Jan/Feb 2011

Focus on the provinces: Limpopo The right to read and write

For 59-year old Lizzy Mathebula it has been a life-long dream to read and write, but her family could never afford to send her to school. Lizzy has finally managed to fulfil her dream, thanks to the Education Department's Kha ri Gude mass literacy programme

When Lizzy heard about the Kha ri Gude literacy programme, she registered without thinking twice. The programme, which means 'Let us learn' in Tshivenda, taught Lizzy and 16 other adults, who never went to school, to read, write and do basic maths. Classes were offered at the Mugidi Primary School in Acornhoek, Limpopo. The programme is offered in all provinces in areas where there is a need.

Reading her Bible

Lizzy made good progress and after attending classes for only a few months, she could read quite well. "I can read my Shangaan Bible without hiccups and soon I will be able to read the English version too," she said.

Another eager student, Dickson Mnisi, who is 67 and a security guard at the school, says he loves attending the classes. "When I'm on night shift, I always make sure I catch up with what they learned during the day," he said. "I would recommend this to all people who cannot read or count, because once you learn how to do it you don't have to rely on strangers to help you with things like withdrawing your money at banks."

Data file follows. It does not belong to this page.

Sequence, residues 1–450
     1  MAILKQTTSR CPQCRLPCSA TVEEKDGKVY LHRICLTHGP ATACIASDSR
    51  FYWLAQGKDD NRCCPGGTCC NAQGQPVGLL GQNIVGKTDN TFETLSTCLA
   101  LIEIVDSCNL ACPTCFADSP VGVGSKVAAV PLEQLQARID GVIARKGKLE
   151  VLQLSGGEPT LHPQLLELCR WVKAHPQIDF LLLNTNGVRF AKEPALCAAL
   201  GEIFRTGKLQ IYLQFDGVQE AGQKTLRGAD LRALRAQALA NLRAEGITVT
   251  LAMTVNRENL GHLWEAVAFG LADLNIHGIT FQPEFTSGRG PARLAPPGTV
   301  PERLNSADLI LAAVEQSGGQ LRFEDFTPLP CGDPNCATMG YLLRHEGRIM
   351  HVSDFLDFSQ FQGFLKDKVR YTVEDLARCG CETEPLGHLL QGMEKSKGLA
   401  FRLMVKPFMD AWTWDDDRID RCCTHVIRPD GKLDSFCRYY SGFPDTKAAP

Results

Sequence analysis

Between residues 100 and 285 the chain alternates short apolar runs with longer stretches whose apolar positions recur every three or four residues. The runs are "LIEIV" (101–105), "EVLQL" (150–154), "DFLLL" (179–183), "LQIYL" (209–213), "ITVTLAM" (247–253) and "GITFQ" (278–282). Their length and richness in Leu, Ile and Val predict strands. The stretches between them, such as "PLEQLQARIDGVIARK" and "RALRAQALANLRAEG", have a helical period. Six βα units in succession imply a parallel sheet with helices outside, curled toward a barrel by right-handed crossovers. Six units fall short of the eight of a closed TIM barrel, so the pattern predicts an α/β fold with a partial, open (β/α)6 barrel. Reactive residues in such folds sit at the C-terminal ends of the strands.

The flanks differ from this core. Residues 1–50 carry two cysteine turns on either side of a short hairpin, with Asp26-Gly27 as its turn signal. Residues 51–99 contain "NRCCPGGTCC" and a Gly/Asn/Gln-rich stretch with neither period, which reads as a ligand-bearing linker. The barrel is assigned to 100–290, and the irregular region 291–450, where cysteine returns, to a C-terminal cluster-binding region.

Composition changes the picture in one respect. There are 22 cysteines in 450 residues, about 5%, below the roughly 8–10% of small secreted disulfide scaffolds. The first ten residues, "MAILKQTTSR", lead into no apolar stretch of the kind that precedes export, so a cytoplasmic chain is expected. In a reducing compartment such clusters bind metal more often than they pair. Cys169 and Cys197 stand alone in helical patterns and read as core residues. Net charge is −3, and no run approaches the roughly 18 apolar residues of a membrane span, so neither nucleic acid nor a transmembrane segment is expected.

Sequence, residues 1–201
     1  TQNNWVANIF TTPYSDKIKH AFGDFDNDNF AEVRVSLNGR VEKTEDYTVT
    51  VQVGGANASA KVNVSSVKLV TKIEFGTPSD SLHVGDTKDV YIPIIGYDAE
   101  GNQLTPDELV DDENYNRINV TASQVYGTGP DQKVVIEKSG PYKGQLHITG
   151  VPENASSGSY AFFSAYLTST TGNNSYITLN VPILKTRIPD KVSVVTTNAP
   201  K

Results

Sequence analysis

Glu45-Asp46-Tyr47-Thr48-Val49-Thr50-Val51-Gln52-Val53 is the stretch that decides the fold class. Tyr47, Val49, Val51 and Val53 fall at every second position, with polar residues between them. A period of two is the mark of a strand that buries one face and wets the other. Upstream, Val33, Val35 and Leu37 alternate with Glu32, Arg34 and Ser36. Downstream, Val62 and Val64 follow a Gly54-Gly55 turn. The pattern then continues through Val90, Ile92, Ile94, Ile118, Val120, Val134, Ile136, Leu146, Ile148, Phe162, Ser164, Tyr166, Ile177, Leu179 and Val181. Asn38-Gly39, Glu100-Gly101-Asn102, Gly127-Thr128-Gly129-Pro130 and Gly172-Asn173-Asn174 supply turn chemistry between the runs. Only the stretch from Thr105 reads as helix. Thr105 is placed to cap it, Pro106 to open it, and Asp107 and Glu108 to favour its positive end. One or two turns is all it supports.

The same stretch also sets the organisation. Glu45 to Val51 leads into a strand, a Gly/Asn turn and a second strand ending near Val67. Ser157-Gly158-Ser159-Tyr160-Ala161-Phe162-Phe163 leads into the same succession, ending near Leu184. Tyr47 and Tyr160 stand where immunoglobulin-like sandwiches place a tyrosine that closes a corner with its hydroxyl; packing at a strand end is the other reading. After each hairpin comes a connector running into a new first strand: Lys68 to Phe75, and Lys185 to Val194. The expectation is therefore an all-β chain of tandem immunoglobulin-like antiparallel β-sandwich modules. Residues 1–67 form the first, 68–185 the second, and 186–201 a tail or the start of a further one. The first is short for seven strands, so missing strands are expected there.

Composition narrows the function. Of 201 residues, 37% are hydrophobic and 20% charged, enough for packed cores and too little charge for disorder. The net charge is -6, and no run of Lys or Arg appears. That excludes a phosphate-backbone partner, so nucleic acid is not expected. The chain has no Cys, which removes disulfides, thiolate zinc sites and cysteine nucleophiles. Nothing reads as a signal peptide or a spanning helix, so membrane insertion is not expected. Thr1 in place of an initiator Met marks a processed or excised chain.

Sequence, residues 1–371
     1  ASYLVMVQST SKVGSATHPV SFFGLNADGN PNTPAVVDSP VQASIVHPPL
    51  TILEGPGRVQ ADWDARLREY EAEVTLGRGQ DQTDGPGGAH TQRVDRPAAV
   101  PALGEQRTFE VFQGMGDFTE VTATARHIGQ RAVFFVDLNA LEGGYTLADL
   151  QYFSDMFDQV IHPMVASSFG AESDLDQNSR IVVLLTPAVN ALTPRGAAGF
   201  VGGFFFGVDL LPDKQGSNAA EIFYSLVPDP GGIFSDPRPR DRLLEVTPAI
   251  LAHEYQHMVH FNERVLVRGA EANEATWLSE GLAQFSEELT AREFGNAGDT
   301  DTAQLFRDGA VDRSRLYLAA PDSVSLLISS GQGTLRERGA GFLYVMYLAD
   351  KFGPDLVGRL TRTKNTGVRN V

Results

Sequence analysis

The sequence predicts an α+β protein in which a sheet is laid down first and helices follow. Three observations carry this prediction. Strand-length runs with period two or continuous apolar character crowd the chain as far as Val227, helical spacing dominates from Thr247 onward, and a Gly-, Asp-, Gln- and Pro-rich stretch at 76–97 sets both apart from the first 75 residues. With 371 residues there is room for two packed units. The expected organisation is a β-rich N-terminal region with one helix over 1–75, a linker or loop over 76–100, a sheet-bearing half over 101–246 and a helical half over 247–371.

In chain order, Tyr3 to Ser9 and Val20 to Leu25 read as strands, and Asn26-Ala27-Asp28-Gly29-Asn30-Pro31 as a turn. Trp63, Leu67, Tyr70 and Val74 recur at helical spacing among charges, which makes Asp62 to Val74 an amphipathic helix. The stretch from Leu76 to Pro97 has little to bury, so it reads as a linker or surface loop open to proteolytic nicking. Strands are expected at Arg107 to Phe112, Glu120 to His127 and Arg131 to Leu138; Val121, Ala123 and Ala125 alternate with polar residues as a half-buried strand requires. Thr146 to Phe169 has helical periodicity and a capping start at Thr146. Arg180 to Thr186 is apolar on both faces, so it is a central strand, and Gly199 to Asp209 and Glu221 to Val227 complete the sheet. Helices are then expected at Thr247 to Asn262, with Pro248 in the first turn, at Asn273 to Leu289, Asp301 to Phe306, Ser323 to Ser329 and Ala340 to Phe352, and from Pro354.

Dickson is also excited because instead of signing his name with an X, he can now write his full name.

Kha ri Gude not only empowers illiterate adults, but gives them their right to read and write.


The programme has called upon young people with post-graduate qualifications to volunteer as teachers. Hearing this, Nkateko Fortunate grabbed the opportunity to use her teaching skills for a good cause. "The students are so willing to learn. There is nothing better than seeing them become independent when they can read and write."

– Samona Murugan and BuaNews

Never too late to learn The Limpopo

Department of Agriculture has embarked on a drive to encourage all its illiterate employees to read and write, through its Adult Basic Education and Training (ABET) programme.

There are more than 200 qualifying employees who are already registered for ABET programmes. Many of them can now sign their names instead of making crosses, and some can read forms that are written in English. Students who complete the programme through to level 4, which is equivalent to the National Qualifications Framework's (NQF) level 1 or Grade 9, qualify to enrol at FET colleges for certificate or diploma programmes. In 2010, 34 people received their level 4 certificates.

Mosala Molomo said the ABET initiative had changed his life from nothing to something. He joined the department in 1993 as a general worker and worked as an office assistant. He then completed his ABET level 4. In 2008, he enrolled for an IT technician course and received his NQF level 4 national certificate last year. He is now an IT technician in the department's head office.

"It is really never too late to learn and I am not going to stop improving myself," he said.


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